Inflation pressures eased again in April, as energy prices continued their recent downward trend. The Consumer Price Index fell by 0.4%, while the one-year change in the CPI dropped further to just 1.1%, its lowest point since late 2010.
Taking out the more volatile components of inflation (food and energy), core prices edged fractionally higher, rising 0.1%. Nonetheless, the 12-month change dipped to 1.7%, remaining below 2.0% as it has been since August.
Despite the Fed’s aggressive monetary policy stance, disinflationary forces are still prevailing, relegating concerns about inflation to the list of worries down the road.
While progress continues to be made in the jobs market, the still-elevated unemployment rate, sub-par aggregate demand in the U.S., and soft economic conditions outside the U.S. are still keeping inflation at bay.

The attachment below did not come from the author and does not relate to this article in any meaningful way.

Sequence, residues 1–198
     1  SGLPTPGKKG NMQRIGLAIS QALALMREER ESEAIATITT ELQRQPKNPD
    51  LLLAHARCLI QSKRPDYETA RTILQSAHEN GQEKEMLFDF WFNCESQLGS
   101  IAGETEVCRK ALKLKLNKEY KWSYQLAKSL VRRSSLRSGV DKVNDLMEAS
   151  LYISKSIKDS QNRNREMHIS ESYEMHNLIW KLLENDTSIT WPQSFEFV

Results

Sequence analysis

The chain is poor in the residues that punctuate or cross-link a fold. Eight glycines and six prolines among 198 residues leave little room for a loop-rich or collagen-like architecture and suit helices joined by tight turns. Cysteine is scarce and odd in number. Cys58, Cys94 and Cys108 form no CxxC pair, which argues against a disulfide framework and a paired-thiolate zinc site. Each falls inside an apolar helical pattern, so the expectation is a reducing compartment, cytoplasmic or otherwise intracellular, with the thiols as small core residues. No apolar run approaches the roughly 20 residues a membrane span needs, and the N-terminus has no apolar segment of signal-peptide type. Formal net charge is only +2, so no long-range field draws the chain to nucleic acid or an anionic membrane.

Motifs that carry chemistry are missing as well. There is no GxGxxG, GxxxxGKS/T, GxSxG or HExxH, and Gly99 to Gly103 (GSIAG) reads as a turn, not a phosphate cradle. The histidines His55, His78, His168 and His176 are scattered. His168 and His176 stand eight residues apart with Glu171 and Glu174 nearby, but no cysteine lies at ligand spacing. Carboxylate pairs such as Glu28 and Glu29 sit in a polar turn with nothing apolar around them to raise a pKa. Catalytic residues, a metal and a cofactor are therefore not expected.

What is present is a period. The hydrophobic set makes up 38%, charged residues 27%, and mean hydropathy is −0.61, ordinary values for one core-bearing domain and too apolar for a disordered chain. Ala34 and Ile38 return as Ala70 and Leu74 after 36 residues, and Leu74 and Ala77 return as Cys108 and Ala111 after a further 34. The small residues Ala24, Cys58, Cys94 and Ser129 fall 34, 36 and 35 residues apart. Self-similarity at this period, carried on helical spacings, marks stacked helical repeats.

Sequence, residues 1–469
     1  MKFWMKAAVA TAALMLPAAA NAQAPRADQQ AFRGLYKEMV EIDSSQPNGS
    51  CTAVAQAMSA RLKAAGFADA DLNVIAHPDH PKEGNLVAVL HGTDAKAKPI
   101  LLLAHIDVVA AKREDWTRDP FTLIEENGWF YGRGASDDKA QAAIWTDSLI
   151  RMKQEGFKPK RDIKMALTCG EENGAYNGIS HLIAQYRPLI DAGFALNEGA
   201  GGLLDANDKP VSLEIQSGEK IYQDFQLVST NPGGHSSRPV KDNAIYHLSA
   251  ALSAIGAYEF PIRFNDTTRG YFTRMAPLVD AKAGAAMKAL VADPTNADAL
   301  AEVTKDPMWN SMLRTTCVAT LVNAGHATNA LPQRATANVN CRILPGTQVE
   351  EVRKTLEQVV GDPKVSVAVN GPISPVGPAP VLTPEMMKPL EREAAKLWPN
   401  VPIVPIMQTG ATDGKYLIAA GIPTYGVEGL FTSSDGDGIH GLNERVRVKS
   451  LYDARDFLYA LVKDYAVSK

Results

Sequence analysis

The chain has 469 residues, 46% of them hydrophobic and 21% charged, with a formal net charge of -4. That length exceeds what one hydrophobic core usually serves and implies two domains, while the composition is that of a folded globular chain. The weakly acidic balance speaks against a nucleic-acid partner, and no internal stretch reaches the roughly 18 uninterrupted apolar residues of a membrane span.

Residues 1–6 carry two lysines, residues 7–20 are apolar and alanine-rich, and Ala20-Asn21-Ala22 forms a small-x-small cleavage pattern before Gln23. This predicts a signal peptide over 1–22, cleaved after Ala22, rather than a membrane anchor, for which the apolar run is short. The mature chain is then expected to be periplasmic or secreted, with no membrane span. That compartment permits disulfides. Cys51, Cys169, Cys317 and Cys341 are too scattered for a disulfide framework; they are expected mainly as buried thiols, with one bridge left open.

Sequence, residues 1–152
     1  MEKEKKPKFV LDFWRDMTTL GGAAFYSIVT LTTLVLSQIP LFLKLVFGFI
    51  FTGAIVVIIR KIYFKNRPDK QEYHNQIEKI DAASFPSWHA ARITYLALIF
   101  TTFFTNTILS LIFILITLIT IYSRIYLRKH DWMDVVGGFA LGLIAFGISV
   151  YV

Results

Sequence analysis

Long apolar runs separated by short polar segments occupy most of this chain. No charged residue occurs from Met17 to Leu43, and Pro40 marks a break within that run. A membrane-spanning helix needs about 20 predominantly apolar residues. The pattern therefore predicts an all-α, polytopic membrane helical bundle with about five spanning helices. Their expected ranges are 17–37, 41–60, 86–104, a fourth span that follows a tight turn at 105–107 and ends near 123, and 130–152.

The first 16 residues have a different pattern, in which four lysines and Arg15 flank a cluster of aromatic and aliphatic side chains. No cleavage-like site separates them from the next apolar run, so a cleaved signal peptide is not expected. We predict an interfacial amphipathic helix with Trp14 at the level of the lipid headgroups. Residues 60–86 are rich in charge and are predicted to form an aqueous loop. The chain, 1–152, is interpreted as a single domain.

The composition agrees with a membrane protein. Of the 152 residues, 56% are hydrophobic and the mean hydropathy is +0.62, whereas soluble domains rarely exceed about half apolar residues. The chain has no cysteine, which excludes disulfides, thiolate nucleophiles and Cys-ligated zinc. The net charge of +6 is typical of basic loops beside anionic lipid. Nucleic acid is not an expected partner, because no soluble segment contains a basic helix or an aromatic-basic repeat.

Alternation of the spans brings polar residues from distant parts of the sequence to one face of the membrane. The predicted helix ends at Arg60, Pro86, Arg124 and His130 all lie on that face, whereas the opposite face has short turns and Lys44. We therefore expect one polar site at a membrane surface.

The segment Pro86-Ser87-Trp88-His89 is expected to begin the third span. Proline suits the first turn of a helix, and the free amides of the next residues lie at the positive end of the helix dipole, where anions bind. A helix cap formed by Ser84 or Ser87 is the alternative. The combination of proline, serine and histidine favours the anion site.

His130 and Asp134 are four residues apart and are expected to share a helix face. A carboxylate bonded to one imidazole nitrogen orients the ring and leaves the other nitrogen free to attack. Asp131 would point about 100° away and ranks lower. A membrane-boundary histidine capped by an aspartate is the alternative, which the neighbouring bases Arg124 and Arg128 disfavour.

Continuing disinflationary pressures and slow, unsteady progress on the employment front leaves the Fed well-positioned to maintain its accommodative policy for now. However, the timing and nature of the central bank’s ultimate exit strategy and what that will mean for capital markets continues to be a significant focus of debate.
As signs of another economic summer soft patch persist in the U.S., and the Eurozone economy records its sixth quarterly decline, downside risks to global growth still persist. Investors continue to shrug off these concerns, as global equities push higher with the implicit support of central banks at their back. How long will that continue? That’s the question on the mind of many investors, and one for which there is no easy answer.
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